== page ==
What You Need to Know About Rishi Sunak's £1,000 One-off Universal Credit Payment
Finance minister Rishi Sunak is proposing a one-off grant that would replace the £20 a week - or £1,040 a year - boosts introduced in March to support millions of families facing poverty during the pandemic. In this article we’ll tell you everything you need to know about this new stimulus plan.
This benefit will substitute the boosts introduced last April, so it would be available to all benefit claimants - particularly those facing some financial crisis, such as unemployment or the inability to cover essential expenses.
Is it better than the £20 a week plan?
It’s different. Universal Credit was raised by £1,040 for the 2020/21 financial year to help ease the impact of coronavirus. However, this was a "temporary" rise, which is due to end on April 12, so the payments will fall back down to pre-pandemic levels and households will lose £84 as a result. The £20-a-week permanent rise would add around £6billion a year to public spending, which is unsustainable considering the UK’s skyrocketing public debt situation. Sunak is thus considering a one-off payment of between £500 and £1,000. This payment would be up-front so you would have to plan and organize your finances well. If you need help, consider talking to a financial advisor.
An alternative to the current £20 a week increase?
Yes, since the £1,000 lump sum would compensate for the ending of the temporary £20-a-week increase in benefits. Also, because more people receiving Universal Credit have signed on for it since the onset of the pandemic, they will most likely qualify for it.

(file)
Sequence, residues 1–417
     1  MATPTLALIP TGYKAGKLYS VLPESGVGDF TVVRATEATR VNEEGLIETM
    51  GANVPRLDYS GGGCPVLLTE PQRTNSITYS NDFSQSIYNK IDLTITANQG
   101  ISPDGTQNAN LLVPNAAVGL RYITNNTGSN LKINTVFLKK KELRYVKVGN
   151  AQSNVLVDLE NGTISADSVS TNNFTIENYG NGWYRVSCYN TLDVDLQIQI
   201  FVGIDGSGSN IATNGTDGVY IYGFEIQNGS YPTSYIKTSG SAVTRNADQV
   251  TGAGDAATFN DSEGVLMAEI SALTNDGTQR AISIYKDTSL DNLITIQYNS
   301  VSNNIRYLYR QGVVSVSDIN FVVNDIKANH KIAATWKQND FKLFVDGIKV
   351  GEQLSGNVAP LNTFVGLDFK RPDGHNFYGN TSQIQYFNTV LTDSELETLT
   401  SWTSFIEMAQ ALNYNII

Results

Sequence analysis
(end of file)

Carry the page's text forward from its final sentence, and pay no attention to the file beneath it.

Is it definitely going to happen? What’s the official position here?
No official decision has been made yet. Nonetheless, many reports have been going around discussing it and Downing Street has not denied them at all. In any case, the government is in need of a plan to substitute the current one. Moreover, Government sources have stated that they are very hopeful the one-off payment will help rebuild the economy. The Treasury believes this will make people spend more in order to stimulate the economy. Nevertheless, if this goes to those who are financially struggling and unemployed, it's very unlikely that the money will be spent on anything beyond essential items. Leaving people without an alternative would leave the most vulnerable in a difficult situation and the government’s credibility would take a massive hit, so the plan is very likely to happen.
What about financial support for parents?
If you're a parent struggling to cover your bills, you could be entitled to extra financial support depending on your situation:
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